You can choose love

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When I was in college, I would sometimes have those blissful days on campus that everyone else would get to have, but then they would be interrupted by a phone call. “She’s in the hospital.” My little sister had to be hospitalized for multiple injuries. Playing sports? Rock climbing accident? Trapped in a blizzard from skiing? No, at thirteen she was jumped at school during P.E. Her shoulder was permanently injured, she was seriously bruised and scarred, her back was seriously injured. A group of girls waited for the teacher to go out of sight, kicked her in the back so that she dropped to the ground and then kicked her while she was on the ground. What was her crime? She had a mutual crush on a black boy. She was in junior high.

My little sister has Aspergers, though you wouldn’t know it by looking at her unless you spent a lot of time with her. She’s tall, slender and has a face that carries of the beauty of her Chocktaw ancestors. In the summer she has a beautiful, golden tan, another gift from her blood. She is an especially beautiful girl. She is sassy, smart and immeasurably kind. She rescues animals and when food drives came around she would have given away the food we so desperately needed if we let her, not for extra credit but because it’s the right thing to do. My little sister’s Aspergers is hard to spot because she’s extremely high functioning, but it makes it difficult for her to understand shades of gray in people. She doesn’t understand irony and when she adopts a moral principle she will carry it to her death, in this case almost literally. My little sister doesn’t really understand social dynamics so she didn’t know about the unspoken rule that white girls cannot date the popular black boys. After she was jumped my parents asked me to sit down with her and try to help her understand race. Our fear was that this trauma would fill her with hate and lead her in a dangerous direction. I tried really hard, but for the life of my sister, she didn’t understand why she couldn’t be attracted to the people she grew up with.

At the time, I was trying to get Stanford to admit that there were poor people on campus and then that there were poor kids who didn’t identify with the racially based groups on campus that needed help. One of my friends was severely harassed for being poor and white, at one point she was assaulted and her things were spit on. Stanford simply moved her out of the dorm and then asked the boys for a half-hearted apology, they didn’t have to move, weren’t on academic probation, and could still harass her on campus. I was told that because she was white, their targeted behaviors and language didn’t count as an Act of Intolerance because she didn’t belong to a marginalized group. Our Acts of Intolerance protocol is a good step because it places more serious responsibility on the community. My friend and I fought hard to get class added.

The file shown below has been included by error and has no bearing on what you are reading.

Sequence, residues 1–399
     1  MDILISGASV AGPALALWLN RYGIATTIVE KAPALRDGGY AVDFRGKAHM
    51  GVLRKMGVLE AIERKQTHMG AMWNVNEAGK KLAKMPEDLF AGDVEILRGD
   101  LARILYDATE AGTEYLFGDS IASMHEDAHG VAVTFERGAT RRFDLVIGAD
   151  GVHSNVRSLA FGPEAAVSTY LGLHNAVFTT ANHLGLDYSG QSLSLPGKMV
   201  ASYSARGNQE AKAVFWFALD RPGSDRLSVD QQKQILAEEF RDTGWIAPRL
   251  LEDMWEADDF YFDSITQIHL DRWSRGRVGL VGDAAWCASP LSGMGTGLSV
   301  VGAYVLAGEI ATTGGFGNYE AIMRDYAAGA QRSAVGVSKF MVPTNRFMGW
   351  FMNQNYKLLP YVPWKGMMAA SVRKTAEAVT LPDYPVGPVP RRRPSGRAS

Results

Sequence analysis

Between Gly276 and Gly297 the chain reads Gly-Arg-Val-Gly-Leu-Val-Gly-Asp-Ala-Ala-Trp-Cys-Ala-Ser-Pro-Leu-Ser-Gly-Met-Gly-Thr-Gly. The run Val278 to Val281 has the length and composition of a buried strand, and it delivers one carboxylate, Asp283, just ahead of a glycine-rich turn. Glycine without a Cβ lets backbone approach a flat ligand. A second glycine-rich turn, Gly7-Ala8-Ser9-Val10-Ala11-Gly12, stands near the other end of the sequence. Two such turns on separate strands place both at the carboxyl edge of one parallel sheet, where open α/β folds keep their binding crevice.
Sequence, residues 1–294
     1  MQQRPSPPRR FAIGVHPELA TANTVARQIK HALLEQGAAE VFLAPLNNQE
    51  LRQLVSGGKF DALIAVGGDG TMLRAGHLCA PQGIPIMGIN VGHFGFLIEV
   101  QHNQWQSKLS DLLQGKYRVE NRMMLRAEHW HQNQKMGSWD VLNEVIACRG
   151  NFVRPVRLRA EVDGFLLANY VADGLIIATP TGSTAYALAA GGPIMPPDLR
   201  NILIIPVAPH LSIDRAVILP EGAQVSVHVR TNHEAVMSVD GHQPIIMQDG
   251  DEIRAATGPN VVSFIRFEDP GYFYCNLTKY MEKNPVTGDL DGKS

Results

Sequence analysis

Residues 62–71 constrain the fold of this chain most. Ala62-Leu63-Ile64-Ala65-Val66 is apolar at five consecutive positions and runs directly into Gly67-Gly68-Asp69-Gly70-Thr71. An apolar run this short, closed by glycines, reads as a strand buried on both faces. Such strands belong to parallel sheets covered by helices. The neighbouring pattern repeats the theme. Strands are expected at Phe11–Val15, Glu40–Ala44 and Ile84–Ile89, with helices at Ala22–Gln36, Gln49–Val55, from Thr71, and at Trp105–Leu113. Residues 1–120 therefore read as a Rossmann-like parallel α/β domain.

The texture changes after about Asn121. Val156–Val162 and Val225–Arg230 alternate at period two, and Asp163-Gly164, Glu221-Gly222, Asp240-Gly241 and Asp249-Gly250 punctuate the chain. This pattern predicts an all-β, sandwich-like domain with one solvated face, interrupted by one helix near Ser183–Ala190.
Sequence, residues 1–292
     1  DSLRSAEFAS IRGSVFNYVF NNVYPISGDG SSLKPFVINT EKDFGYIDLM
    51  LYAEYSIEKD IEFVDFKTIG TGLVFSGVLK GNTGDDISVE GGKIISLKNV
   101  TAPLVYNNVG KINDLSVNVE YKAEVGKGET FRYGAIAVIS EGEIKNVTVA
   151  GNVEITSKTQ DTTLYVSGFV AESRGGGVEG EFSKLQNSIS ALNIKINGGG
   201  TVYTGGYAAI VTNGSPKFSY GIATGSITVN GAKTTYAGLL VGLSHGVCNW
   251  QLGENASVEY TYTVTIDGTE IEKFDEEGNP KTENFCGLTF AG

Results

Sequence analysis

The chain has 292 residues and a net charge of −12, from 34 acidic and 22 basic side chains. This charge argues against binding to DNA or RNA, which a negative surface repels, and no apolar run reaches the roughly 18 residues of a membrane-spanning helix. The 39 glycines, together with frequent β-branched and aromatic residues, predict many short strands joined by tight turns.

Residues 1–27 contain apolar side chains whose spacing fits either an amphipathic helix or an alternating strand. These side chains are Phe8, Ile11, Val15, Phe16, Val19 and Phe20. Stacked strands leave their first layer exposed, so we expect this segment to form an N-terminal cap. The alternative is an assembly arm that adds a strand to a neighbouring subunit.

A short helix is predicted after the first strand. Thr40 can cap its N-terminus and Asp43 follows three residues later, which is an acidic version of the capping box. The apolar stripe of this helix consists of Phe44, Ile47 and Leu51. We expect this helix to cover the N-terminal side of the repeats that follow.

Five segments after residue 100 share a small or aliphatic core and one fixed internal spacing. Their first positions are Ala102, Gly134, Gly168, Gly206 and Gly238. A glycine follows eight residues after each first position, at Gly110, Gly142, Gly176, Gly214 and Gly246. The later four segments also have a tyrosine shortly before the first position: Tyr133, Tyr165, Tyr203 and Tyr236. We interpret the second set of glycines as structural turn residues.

I remember going to focus groups as a very scared and traumatized 18 year old and being told I didn’t exist or that my suffering during my childhood didn’t matter. I felt uncomfortable with the rich students on campus, but I also wasn’t wanted among the people of color on campus either. I didn’t know what to do, I have never lived in a homogenous community. My high school had many things wrong with it but my classmates were amazing. Thoughtful, diverse and kind. I had friends across wide cultural spectrums. We celebrated Polynesian holidays with roasted pigs, Black history month with a thoughtful, student based presentation and Christmas with candy canes and those little snowflakes you make out of white paper because we couldn’t afford decoration. Our student government was run by strong women from every racial group. And before our community was decimated and basically wiped out by NCLB and the depression, we all also dated and married each other. My family has never been and is not all white. My sister in law’s isn’t either, my fiance’s isn’t either. My nephew is Choctaw, German, Indonesian, Mexican and Black. He’s beautiful.

But my classmates didn’t grow up in this kind of the community. Almost none of them grew up among the working classes and those that did were from the major metropolitan cities where there are still neighborhoods and resources. They didn’t think that I existed or that my community existed. They told me I didn’t belong. But what hurt the most was when some students told me that I hated everyone I had ever loved because I was white.